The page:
Independent curator Cortney Lane Stell launched Black Cube in October 2015, as artist Desirée Holman's sci-fi-themed multimedia performance unfolded under the stars at Red Rocks Amphitheatre, lit up by video-mapped imagery across the landmark's stone walls. You might say Black Cube started with a bang, but that kind of drama is all in a day's work for Stell, whose dedication to trying new things with trusted artists both local and international continues to pay off. In just the past year, she helped local artists Joel Swanson and Laura Shill mount a show at the 59th Venice Biennale, pulled off a major site-specific installation on the Denver Wastewater campus with the artist collective Institute for New Feeling, and instigated two pop-up iterations of the Drive-In series, in which artists use vehicles to express personal stories and themes — and more. This year, get ready for Stuart Semple's "Happy City: Art for the People," a six-week collaboration with the Denver Theatre District.

Courtesy RedLine Contemporary Art Center

When you're headed to an opening at RedLine, it's hard not to recall what this part of town was like ten years ago, when parking was plentiful. While that situation has changed dramatically, RedLine has stayed true to its mission of providing an arts incubator for Denver. And on opening nights, a refrigerator. There's often a generous spread to match the free booze, which gets conversation flowing just as freely. This is a see-and-be-seen scene, but don't get so caught up in socializing that you forget to look at the art. Not only is the work in the show opening that night worth your attention, but many of the studios in back will be open, too, where artists will be happy to part with recent pieces to anyone carrying cash or a checkbook.

Readers' Choice: Denver Art Museum

MCA Denver

Don't wait for an opening-night to party at MCA Denver. There's always something going on at the museum, from a spring series that features comedic storytelling captured on a live podcast to yoga in the galleries to a new lending library of art by local artists to discussions on matters great and small to, yes, exhibit openings. And if by chance you happen by the MCA on a day when the only official activities are viewing already-open (but invariably interesting) shows, you can always pop up to the rooftop cafe and make your own party. Mark your calendar for the MCA's upcoming fundraising bashes, which have become legendary around town.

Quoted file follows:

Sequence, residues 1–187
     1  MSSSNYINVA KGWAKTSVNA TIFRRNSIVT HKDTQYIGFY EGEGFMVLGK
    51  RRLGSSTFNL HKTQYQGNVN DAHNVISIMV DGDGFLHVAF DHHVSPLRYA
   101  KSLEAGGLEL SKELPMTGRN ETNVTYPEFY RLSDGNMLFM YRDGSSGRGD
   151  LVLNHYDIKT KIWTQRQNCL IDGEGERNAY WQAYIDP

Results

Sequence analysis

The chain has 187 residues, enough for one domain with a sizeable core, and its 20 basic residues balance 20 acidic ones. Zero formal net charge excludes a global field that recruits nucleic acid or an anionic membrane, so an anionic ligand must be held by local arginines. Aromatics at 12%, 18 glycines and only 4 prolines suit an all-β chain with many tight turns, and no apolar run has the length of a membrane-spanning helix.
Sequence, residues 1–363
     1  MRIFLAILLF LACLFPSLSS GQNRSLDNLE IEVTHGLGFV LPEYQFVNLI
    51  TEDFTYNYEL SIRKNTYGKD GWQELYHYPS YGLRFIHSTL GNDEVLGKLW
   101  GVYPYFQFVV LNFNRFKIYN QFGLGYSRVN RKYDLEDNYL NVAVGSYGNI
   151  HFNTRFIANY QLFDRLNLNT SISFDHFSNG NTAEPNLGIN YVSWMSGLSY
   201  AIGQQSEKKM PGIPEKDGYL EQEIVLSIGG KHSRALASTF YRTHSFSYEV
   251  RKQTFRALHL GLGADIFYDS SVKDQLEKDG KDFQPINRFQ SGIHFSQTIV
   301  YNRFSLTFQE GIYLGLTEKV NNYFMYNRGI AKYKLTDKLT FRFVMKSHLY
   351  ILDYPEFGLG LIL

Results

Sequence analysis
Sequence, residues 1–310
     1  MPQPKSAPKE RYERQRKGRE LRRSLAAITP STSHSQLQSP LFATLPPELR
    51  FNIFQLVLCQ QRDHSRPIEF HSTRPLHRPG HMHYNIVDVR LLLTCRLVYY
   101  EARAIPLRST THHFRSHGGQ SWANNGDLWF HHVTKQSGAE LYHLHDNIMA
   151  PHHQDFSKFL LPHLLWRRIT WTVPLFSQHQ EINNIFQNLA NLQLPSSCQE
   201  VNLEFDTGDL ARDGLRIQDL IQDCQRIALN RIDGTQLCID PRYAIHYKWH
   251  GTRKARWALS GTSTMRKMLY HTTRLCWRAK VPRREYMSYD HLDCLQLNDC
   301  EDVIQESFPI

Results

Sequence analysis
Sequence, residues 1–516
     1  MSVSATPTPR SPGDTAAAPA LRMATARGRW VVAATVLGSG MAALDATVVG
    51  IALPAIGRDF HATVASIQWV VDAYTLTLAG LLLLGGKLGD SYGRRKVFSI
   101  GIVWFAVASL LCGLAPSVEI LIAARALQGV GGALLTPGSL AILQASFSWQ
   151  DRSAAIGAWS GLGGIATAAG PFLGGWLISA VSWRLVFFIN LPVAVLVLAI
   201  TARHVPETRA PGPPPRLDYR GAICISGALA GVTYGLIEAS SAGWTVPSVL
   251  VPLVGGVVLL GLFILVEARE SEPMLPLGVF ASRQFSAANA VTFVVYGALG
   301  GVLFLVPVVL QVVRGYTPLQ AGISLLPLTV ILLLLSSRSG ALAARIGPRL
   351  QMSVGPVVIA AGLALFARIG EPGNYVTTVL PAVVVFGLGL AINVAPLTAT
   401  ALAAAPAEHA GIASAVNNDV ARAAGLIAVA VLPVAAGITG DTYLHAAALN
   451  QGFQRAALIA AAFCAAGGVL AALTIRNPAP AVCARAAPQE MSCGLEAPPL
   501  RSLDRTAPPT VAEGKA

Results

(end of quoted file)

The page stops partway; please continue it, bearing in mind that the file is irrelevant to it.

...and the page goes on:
Courtesy Understudy Facebook page

Understudy, a project operated and funded by the Denver Theatre District, debuted last October as 700 square feet of unfettered creative experimentation, offering free, short, changing residencies in a dedicated nook of the Colorado Convention Center. Since then, we've seen musical collaborations, art installations, art discussions, new models in art marketing, hands-on activities and, ending March 30, "The Little Chapel of Our Holy Motherboard," an interactive device stoked with digital animations poking fun at the deification of 21st-century technologies. It's the kind of place where you can slip in and out during lunch hour — or spend hours chatting with Denver creatives.

Over the past few years, artist Jonathan Saiz has been experimenting with different and self-generated ways of approaching the business of art while bypassing gallery representation. The latest is 7000 Reasons, a collaboration with friend and fellow painter Wes Magyar that pitches colorful seven-by-seven-inch portraits with a happy theme over a period of seven months. Each painting goes for $143, a fair price for works by the two established artists, and they're taking orders through July. While their goal is to sell 7,000 artworks in that time and to collect them in a book, that's not really the point, they say. After all, here's 7000 Reasons' motto: "We know life isn't all rainbows and unicorns, but 7000 Reasons will be!" Catch a rainbow for yourself.